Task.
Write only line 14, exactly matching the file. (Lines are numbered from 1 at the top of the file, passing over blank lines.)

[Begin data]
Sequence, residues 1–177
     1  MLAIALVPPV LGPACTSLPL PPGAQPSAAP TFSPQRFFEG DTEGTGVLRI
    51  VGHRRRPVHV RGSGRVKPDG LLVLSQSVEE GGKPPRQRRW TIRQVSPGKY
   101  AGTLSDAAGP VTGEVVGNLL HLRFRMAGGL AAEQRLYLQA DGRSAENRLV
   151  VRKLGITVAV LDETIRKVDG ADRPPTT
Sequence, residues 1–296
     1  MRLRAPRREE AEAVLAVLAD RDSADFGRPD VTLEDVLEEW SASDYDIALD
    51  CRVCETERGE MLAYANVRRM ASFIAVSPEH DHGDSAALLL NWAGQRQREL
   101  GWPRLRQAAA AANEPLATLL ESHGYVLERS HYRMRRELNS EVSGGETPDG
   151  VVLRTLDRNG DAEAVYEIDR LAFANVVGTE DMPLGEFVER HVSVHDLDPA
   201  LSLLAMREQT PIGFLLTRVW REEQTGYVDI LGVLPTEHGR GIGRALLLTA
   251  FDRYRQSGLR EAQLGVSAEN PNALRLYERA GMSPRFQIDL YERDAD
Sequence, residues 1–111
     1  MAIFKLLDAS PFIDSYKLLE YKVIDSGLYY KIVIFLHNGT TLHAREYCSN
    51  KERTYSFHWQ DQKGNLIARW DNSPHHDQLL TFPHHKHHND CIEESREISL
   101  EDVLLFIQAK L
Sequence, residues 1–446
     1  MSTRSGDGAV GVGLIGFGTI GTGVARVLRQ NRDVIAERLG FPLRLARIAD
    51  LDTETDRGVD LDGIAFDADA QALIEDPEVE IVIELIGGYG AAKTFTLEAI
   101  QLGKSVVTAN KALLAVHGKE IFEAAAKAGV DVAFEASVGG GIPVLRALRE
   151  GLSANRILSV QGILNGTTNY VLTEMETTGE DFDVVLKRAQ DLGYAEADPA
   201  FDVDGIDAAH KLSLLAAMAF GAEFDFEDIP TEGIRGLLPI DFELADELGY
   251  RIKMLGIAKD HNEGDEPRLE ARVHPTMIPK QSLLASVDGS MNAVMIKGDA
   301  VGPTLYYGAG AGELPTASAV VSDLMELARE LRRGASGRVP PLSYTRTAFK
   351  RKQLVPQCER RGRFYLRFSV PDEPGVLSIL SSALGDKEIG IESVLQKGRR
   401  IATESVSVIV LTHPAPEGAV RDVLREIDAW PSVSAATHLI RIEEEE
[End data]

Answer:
     1  MAIFKLLDAS PFIDSYKLLE YKVIDSGLYY KIVIFLHNGT TLHAREYCSN